It is more likely, I think, that the archaic Jews were really not unamused and perhaps not unsympathetic spectators; for the Zionist problem is complicated by a real quarrel in the Ghetto about Zionism. The old religious Jews do not welcome the new nationalist Jews; it would sometimes be hardly an exaggeration to say that one party stands for the religion without the nation, and the other for the nation without the religion. Just as the old agricultural Arabs hate the Zionists as the instruments of new Western business grab and sharp practice; so the old peddling and pedantic but intensely pious Jews hate the Zionists as the instruments of new Western atheism of free thought. Only I fear that when the storm breaks, such distinctions are swept away.
The storm was certainly rising. Outside the Jaffa Gate the road runs up steeply and is split in two by the wedge of a high building, looking as narrow as a tower and projecting like the prow of a ship. There is something almost theatrical about its position and stage properties, its one high-curtained window and balcony, with a sort of pole or flagstaff; for the place is official or rather municipal. Round it swelled the crowd, with its songs and poems and passionate rhetoric in a kind of crescendo, and then suddenly the curtain of the window rose like the curtain of the theatre, and we saw on that high balcony the red fez and the tall figure of the Mahometan Mayor of Jerusalem.
I did not understand his Arabic observations; but I know when a man is calming a mob, and the mob did become calmer. It was as if a storm swelled in the night and gradually died away in a grey morning; but there are perpetual mutterings of that storm. My point for the moment is that the exasperations come chiefly from the two extremes of the two great Semitic traditions of monotheism; and certainly not primarily from those poor Eastern Christians of whose fanaticism we have been taught to make fun. From time to time there are gleams of the extremities of Eastern fanaticism which are almost ghastly to Western feeling. They seem to crack the polish of the dignified leaders of the Arab aristocracy and the Zionist school of culture, and reveal a volcanic substance of which only oriental creeds have been made.
One day a wild Jewish proclamation is passed from hand to hand, denouncing disloyal Jews who refuse the teaching Hebrew; telling doctors to let them die and hospitals to let them rot, ringing with the old unmistakable and awful accent that bade men dash their children against the stones. Another day the city would be placarded with posters printed in Damascus, telling the Jews who looked to Palestine for a national home that they should find it a national cemetery. And when these cries clash it is like the clash of those two crooked Eastern swords, which crossed and re-crossed and revolved like blazing wheels, in the vanguard of the marching mob.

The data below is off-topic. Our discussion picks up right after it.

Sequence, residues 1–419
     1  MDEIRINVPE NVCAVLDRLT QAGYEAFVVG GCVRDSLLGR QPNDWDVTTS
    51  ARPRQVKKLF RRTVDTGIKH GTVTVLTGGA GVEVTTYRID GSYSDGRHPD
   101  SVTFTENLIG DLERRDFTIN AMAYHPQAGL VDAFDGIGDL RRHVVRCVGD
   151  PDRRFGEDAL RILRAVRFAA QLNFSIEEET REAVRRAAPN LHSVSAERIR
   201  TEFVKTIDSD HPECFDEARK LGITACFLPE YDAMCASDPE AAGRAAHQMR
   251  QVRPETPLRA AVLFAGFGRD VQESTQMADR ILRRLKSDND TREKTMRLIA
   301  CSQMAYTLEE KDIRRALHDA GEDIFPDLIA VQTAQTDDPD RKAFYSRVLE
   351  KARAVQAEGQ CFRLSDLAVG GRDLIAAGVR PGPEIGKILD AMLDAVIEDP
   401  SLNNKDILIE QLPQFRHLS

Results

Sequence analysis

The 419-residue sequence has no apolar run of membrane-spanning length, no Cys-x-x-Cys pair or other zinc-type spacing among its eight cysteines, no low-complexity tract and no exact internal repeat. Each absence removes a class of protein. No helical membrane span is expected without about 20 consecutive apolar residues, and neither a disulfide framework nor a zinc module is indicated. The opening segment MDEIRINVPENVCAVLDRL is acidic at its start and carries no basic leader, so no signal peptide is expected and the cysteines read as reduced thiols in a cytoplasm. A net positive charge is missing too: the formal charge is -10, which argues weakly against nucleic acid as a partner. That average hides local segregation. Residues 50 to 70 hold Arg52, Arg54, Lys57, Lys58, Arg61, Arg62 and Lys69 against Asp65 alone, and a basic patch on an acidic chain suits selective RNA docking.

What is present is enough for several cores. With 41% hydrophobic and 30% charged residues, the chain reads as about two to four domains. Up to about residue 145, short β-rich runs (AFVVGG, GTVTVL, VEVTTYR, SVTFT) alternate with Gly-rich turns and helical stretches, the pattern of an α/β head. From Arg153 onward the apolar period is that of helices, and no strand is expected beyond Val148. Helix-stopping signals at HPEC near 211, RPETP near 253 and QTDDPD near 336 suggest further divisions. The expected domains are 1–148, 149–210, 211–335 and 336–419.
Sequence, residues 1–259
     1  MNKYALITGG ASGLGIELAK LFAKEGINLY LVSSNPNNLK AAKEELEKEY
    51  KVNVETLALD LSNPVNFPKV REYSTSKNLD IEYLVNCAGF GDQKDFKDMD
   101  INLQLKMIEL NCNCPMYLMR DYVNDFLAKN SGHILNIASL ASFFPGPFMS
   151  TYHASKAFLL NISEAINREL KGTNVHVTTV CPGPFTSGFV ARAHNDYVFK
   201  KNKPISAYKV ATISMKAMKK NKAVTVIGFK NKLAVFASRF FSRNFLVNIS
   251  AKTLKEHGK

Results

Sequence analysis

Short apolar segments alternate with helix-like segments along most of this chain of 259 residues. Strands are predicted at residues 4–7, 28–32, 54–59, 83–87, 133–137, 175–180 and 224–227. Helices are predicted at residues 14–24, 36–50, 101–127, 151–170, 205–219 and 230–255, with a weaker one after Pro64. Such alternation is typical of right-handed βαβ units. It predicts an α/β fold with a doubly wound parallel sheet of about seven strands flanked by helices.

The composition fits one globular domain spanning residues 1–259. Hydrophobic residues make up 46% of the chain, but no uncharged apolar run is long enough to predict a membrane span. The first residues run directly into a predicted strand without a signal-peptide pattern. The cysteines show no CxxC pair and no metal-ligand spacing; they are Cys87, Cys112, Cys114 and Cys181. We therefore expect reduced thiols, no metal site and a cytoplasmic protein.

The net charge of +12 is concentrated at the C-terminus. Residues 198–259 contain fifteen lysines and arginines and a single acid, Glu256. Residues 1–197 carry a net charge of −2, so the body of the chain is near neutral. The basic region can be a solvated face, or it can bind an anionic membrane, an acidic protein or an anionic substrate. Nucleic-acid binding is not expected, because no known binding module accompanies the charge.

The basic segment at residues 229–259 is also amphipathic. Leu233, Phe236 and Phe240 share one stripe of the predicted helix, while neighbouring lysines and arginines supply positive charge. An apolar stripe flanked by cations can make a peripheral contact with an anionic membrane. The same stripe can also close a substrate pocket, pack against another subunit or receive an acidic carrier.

I felt the fullest pressure of the problem when I first walked round the whole of the Haram enclosure, the courts of the old Temple, where the high muezzin towers now stand at every corner, and heard the clear voices of the call to prayer. The sky was laden with a storm that became the snowstorm; and it was the time at which the old Jews beat their hands and mourn over what are believed to be the last stones of the Temple. There was a movement in my own mind that was attuned to these things, and impressed by the strait limits and steep sides of that platform of the mountains; for the sense of crisis is not only in the intensity of the ideals, but in the very conditions of the reality, the reality with which this chapter began. And the burden of it is the burden of Palestine; the narrowness of the boundaries and the stratification of the rock.
A voice not of my reason but rather sounding heavily in my heart, seemed to be repeating sentences like pessimistic proverbs. There is no place for the Temple of Solomon but on the ruins of the Mosque of Omar. There is no place for the nation of the Jews but in the country of the Arabs. And these whispers came to me first not as intellectual conclusions upon the conditions of the case, of which I should have much more to say and to hope; but rather as hints of something immediate and menacing and yet mysterious. I felt almost a momentary impulse to flee from the place, like one who has received an omen. For two voices had met in my ears; and within the same narrow space and in the same dark hour, electric and yet eclipsed with cloud, I had heard Islam crying from the turret and Israel wailing at the wall.
Excerpted from The New Jerusalem (1920), by G.K. Chesterton. Published under a Creative Commons license, courtesy of Project Gutenberg. Photographs by Joel Schalit.